Nikola Mihajlović – EXHIBITION

Exhibition of paintings by a victim of Novi Sad Raid

 

  The exhibition of painting by Nikola Mihajlović, a victim of Novi Sad Raid, was opened in the Youth Forum of the Cultural Centre of Novi Sad within the ‘Freezing Silence Speaks’ programme. The exhibition was opened by the director of the Cultural Centre, Dr Andrej Fajgelj, and artist’s cousin and witness of the Raid, Mr Gavrilo Malenčić, was also present. After the opening speeches, senior curator and historian Čedomir Janičić personally showed the exhibition to the visitors.

  The exhibition by the artist who perished in Novi Sad Raid is one of the opportunities to remember what culture was like in Novi Sad between the two wars. Visitors that came to the opening could see rare paintings that remain from this great artist and which represent his development in war painting.

  Director of the Cultural Centre, Dr Andrej Fajgelj, said that this is one of numerous events with which this institution tries to fill the void in hearts of those who survived and who lost their loved ones in Novi Sad Raid.

– We fail to respect ourselves and victims and to ensure that sufferings that repeated several times in the past do not happen again in this century. Paintings that we can see remind us that suffering did not skip people who were artists, rich and educated. None of this could save them. It is very important to remember them, so that similar thing would not happen to us and our children – said Mr Fajgelj, adding that these paintings also show victims that must not be forgotten.

  Nikola Mihajlović was born in Novi Sad and was a Serbian painter in late 19th and early 20th centuries that belonged to the modern art movement. At the beginning of the Great War he volunteered and went to war, and despite all misfortunes that happened he managed to paint, thus obtaining the epithet ‘war painter’. Unfortunately, there are few paintings that remain from this painter, because most of them were lost after the World War II. Paintings that visitors had a chance to see are in private ownership of the Malenčić family. Among exhibited paintings, there are portraits of his nephews Rodoljub and Gavrilo Malenčić, who disappeared immediately before Novi Sad Raid.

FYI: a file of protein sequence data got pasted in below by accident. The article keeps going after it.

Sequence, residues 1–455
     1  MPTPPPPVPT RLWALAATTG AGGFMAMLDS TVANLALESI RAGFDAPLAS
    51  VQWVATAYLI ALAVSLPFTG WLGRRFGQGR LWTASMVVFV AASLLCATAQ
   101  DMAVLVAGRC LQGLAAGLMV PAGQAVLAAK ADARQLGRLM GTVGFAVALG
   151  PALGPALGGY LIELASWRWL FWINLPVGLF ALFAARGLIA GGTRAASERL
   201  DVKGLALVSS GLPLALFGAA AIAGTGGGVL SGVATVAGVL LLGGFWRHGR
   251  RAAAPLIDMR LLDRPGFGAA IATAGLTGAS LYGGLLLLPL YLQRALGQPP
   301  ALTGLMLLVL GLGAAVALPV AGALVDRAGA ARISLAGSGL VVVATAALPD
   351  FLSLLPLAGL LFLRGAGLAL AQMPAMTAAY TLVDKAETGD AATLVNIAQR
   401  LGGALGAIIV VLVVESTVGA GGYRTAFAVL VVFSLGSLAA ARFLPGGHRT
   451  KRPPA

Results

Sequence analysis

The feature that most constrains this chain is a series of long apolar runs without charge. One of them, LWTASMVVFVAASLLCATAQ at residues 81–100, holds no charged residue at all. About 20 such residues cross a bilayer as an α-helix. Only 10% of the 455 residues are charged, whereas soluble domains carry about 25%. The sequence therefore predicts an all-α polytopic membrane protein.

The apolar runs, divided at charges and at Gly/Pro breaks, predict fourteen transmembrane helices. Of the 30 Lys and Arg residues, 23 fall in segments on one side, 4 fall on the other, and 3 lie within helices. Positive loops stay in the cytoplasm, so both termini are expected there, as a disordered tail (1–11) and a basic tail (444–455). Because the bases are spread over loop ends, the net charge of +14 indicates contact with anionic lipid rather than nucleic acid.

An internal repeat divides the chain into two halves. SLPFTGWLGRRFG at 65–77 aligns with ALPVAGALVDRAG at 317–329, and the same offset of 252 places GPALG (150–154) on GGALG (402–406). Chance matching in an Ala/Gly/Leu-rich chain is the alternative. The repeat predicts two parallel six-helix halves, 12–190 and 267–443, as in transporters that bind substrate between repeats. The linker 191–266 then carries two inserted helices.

A cousin and one of the surviving witnesses of Novi Sad Raid, Gavrilo Malenčić, described what happend on that faitful day and how he survived by chance.

– I was a boy of only six and that day is vivid in my memory. Painter and my cousin Nikola Mihajlović lived within our house, and while our mother tried to save us by appealing to her Hungarian heritage, they had already taken my cousin and his family from the other house. We have not seen each other since that day – told Mr Malenčić, adding that a month after the Raid he went out of the house and that he could still see marks of that horrific act in snow.

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